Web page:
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Interested in Indy Car?

John Parry

John Parry

Posted Jan 14, 2010
2 Comments

Me too, though being in the UK I tend to watch more Formula 1. As part of my job I often come across cool pieces of work done by our customers that we can’t publicise for reasons of confidentiality.

This work by Voxdale is an exception though. It was done a couple of years back, not that long after Voxdale was founded, which makes it all the more impressive, and was done for Champ Car, now merged with Indy Car. The project was to optimize the existing Panoz chassis for Conquest Racing’s Champ Car – now unified with Indy Car.

The first hurdle Voxdale encountered was having no CAD files to work from. Their solution was to scan the entire car using a Metris optical laser scanning system to produce a STL point cloud with better than 0.3mm accuracy – reverse engineering at its best!

_h102317s1

The point cloud was then read into Pro/ENGINEER Wildfire – after which the rest of the design work and all the analysis are done within Pro/ENGINEER. Interactive Surface Design (ISDX) and Advanced Assembly (AAX) features were used to build the CAD model, and Pro/ENGINEER Mechanica was used for the thermal and structural analysis with FloEFD.Pro Concurrent CFD software used for the aerodynamics.

The beauty of Concurrent CFD is that it works directly within the CAD system so everything is done within the one environment. The CAD geometry does not need to be exported and cleaned up for the analysis, it can be used as is, or simplified using Pro/E’s Publish Geometry feature whilst retaining all the model’s parametric features so design changes are carried out in the CAD tool on the native CAD geometry. Here’s an exploded image of a model Voxdale created.

hma1-08a11-139

Additional information is needed for the FloEFD.Pro analysis such as surface roughness information, plus the wheels need to be made to rotate and the ground move. Actually this makes the simulation better than most wind tunnel setups where it’s often impossible to achieve this on a full size car!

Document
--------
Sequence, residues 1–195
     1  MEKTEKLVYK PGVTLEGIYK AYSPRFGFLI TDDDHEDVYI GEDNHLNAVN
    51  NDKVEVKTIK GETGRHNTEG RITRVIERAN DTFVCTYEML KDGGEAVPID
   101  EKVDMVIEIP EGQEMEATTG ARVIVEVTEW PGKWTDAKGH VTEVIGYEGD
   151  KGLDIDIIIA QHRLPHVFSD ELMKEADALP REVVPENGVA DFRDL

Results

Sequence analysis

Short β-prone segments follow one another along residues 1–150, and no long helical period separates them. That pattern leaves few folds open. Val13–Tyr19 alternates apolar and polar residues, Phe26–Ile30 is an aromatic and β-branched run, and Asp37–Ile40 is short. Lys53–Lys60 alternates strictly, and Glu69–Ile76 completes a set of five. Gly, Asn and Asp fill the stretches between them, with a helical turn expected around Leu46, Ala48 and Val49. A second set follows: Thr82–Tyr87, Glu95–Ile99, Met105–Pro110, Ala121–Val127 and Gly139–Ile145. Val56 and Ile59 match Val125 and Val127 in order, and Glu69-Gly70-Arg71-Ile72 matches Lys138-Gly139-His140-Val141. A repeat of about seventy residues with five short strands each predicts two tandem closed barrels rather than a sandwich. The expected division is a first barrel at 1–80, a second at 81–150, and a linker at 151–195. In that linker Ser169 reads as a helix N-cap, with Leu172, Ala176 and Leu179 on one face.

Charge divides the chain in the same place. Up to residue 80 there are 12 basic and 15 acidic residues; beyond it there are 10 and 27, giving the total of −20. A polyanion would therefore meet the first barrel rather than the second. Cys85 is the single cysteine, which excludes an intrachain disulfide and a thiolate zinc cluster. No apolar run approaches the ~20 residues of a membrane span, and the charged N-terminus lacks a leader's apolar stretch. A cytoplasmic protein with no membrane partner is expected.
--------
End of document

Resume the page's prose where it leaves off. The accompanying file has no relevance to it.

Once the model is built in the CAD tool, the opportunities to improve the design through analysis is really only limited by the designer’s imagination – specifically their ability to identify aspects of the design to improve and ask themselves the question “What if…?”, and changing the design accordingly to see how key performance parameters like aerodynamic drag change as a result.

Here are some of the flow trajectories and cut plots showing the flow over the whole car, and showing the air flow into the side pods – something discussed in more detail in my next post.

efd1-071103-134-cfd

efd1-071103-128-cfd

Next time I’ll drill down into more detail about the analyses Voxdale performed and the design benefits they delivered. If you use Pro/ENGINEER Wildfire you can download a free trial of FloEFD.Pro and try it yourself.

Dr. J, Hampton Court

Images courtesy of Voxdale

Images courtesy of Voxdale

Upfront CFD, Upfront Analysis, CAD Integration, CFD, CAD Embedded, FloEFD, Fluent Design, Concurrent CFD, Design Process

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About John Parry

John ParryI started my career in the consultancy group at CHAM Ltd., using PHOENICS for a variety of CFD applications. From the consultancy group I moved into support, helping customers debug models, and figuring out how to model new applications. That broadened into delivering training courses and creating training material. I was invited to join Flomerics when it started in 1989 to head up Customer Services, and I jumped at the chance to work for a startup. After a few years supporting customers using FloTHERM I moved across into research, developing thermofluid models of common electronic parts, like fans and IC packages, later managing the DELPHI and SEED projects. More recently I worked with Flomerics’ Finance Director on the acquisition of MicReD, helping to integrate MicReD’s business into Flomerics Group which was great fun. Since Flomerics acquired Nika, I’ve been responsible for promoting the FloEFD suite in education, and moved into marketing. I now work as part of the Mechanical Analysis Division’s Corporate Marketing group, responsible for ElectronicsCooling Magazine and the division’s Higher Education Program. Expertise: I’m a chemical engineer by training and did a PhD in reactor design before getting involved with CFD more than 25 years ago. Visit John Parry’s Blog

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Comments 2

Post a Comment
I remember having a scanned 'points-cloud' of 5Gb... After the re-build in ISDX, we had a full parametric assembly file of less than 6Mb, that was meshed in FloEFD at the first attempt!

Koen Beyers -Voxdale
8:51 PM Jan 25, 2010

A 6mb assembly file sounds a lot more tractable and I'm really impressed that from scanned data as a starting point you were able to do everything in Pro/ENGINEER from that point onwards

John Parry
10:16 AM Jan 26, 2010

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